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General Chat Thread, Radiator / Central Heating advice in General; Looking for some help folks, Last few days we have noticed that our radiators are stone cold, despite there being ...
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    Gatt's Avatar
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    Radiator / Central Heating advice

    Looking for some help folks,

    Last few days we have noticed that our radiators are stone cold, despite there being (bloody) hot water..

    Now, I haven't got a clue about plumbing, but I have read a few forums that suggest bleeding the radiators might help, but it is more likely that we have a build up of iron Oxide sludge which needs to be flushed either with some sort of solution or by emptying the radiators completely (some even suggested removing them and using a hose pipe!)

    Can anyone offer some advise as to what we need to do?

    If it helps we have a back boiler and a hot water tank in the attic along with a cold waer tank..

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    I too am no expert, but a couple of other things to consider:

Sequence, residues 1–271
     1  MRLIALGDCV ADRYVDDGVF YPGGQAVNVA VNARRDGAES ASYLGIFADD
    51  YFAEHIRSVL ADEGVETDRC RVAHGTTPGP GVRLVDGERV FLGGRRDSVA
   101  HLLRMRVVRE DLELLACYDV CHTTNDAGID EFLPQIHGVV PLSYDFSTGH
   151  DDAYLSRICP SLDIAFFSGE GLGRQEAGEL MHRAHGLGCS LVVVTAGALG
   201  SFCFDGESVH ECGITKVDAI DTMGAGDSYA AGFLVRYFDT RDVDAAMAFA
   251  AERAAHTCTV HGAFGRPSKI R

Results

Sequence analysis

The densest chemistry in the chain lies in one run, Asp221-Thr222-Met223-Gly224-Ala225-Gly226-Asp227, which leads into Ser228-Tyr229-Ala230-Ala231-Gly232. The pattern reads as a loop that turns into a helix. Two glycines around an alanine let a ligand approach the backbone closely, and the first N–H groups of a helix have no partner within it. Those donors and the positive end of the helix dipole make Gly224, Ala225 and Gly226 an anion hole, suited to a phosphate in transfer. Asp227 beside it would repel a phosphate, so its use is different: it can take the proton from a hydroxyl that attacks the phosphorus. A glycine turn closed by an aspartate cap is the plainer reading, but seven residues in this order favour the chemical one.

Could be the pump has failed. Have a listen.

    Also, systems such as this sometimes have a 'summer valve', which shuts off the supply to the radiators - big red tap somewhere in the airing cupboard probably. Could someone have been fiddling with that?

    On the odd occasions I've had to deal with bleeding radiators, the symptom has been that the upper part of the rad is cold, but the lower and feed pipes are warm/hot. Also, has never (for me!) affected all rads at once.

    I don't know if sludge build up can suddenly kill your circulation or if it would degrade it over time . . . .

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    Gatt's Avatar
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    Quote Originally Posted by theriver View Post
    Could be the pump has failed. Have a listen.